Finally, Pippin has a distinct argument against religious persecution. Pippin says that we cannot kill people because they do not believe what we believe. This is unfortunately relevant as ISIS is killing non-Muslims and Trump is banning refugees. How it is possible that a country that was founded by people fleeing from religious persecution can ban people fleeing from religious persecution is beyond me, but Pippin’s message may be able to push against this. Pippin’s revolution teaches us that we must stand up against tyranny, but need an effective plan for after we take power. At the time of Pippin’s development, protesting was endless- calling for civil and women’s rights and an end to the Vietnam war. But how does one stop discrimination when it is inherent in a culture? What would have happened to the South Vietnamese if we had not taken action? What will happen to the Middle East and all of Europe if action is not taken against ISIS, with careful preparation to end it and stop another terrorist from taking power? Are movement like Black Lives Matters and marches like The Women’s March effective when Donald Trump can still be elected? Maybe we can grapple with these questions with this show.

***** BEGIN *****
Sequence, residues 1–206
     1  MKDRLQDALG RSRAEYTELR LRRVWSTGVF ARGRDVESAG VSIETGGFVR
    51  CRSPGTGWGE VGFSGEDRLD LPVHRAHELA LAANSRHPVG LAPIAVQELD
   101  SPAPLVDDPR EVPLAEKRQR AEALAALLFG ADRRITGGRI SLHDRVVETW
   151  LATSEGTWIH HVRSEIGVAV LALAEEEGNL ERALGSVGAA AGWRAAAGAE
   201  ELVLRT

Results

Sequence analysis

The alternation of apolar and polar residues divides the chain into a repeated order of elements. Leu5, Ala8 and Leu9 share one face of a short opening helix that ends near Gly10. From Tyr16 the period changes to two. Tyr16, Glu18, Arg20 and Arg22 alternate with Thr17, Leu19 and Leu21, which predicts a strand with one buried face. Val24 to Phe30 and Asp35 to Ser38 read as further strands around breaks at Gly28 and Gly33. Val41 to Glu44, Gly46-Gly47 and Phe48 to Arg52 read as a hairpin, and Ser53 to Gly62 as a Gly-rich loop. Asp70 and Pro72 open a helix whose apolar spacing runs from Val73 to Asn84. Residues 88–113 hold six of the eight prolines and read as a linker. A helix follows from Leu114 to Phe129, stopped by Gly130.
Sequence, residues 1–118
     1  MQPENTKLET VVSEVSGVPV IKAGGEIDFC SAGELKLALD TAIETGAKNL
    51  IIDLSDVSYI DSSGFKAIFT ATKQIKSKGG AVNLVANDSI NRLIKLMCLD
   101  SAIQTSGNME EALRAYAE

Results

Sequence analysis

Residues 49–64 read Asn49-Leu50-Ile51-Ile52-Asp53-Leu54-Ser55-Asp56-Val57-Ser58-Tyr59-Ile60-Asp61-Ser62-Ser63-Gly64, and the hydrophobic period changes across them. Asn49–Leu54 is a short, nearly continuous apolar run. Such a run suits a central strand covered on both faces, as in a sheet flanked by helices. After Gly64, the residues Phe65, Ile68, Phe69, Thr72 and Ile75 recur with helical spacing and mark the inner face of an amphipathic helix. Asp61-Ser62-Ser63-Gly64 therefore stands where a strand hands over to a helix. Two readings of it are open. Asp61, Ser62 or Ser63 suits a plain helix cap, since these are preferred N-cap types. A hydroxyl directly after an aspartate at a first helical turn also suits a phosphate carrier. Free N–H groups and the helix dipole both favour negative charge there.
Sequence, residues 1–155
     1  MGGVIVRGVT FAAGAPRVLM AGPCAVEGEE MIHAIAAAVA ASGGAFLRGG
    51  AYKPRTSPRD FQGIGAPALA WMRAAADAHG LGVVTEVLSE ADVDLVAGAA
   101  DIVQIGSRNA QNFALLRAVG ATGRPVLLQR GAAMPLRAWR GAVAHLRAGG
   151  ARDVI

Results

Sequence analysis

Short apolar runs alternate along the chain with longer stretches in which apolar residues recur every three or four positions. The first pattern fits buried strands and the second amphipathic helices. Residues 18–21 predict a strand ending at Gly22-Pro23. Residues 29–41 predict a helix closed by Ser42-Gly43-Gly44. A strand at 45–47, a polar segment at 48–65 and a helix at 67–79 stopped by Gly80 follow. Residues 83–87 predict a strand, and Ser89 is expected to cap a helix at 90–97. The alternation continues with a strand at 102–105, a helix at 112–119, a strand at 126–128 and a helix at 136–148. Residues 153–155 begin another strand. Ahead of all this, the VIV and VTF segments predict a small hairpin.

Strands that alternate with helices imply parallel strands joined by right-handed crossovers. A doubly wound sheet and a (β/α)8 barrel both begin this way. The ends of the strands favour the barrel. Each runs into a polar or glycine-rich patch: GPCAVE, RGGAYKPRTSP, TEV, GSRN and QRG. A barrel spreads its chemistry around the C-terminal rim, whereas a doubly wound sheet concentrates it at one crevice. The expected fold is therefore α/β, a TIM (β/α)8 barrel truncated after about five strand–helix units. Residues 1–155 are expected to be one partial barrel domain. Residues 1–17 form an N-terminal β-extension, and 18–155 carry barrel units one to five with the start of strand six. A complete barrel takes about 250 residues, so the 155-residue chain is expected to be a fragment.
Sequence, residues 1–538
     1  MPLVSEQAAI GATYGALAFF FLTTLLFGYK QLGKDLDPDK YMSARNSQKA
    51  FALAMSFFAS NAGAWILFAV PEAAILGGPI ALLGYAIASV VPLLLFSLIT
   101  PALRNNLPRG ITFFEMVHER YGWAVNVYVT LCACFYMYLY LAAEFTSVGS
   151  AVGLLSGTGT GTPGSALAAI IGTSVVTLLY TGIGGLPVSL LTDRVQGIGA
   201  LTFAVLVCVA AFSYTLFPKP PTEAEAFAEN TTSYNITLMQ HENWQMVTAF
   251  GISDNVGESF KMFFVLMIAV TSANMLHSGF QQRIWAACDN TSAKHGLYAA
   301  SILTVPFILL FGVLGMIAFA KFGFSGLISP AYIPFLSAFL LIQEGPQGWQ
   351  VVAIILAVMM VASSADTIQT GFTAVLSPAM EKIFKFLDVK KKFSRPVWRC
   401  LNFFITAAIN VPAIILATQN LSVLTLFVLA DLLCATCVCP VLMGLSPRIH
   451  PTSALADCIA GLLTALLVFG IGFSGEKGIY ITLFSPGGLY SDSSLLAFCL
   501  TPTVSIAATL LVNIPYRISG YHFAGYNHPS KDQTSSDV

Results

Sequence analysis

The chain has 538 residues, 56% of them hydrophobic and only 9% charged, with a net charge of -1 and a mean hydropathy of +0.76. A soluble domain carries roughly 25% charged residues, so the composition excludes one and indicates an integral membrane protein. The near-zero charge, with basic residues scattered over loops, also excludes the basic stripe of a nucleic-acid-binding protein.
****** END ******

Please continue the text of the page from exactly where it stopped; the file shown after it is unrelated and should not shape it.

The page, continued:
• Facebook - Black Circle
  • Instagram - Black Circle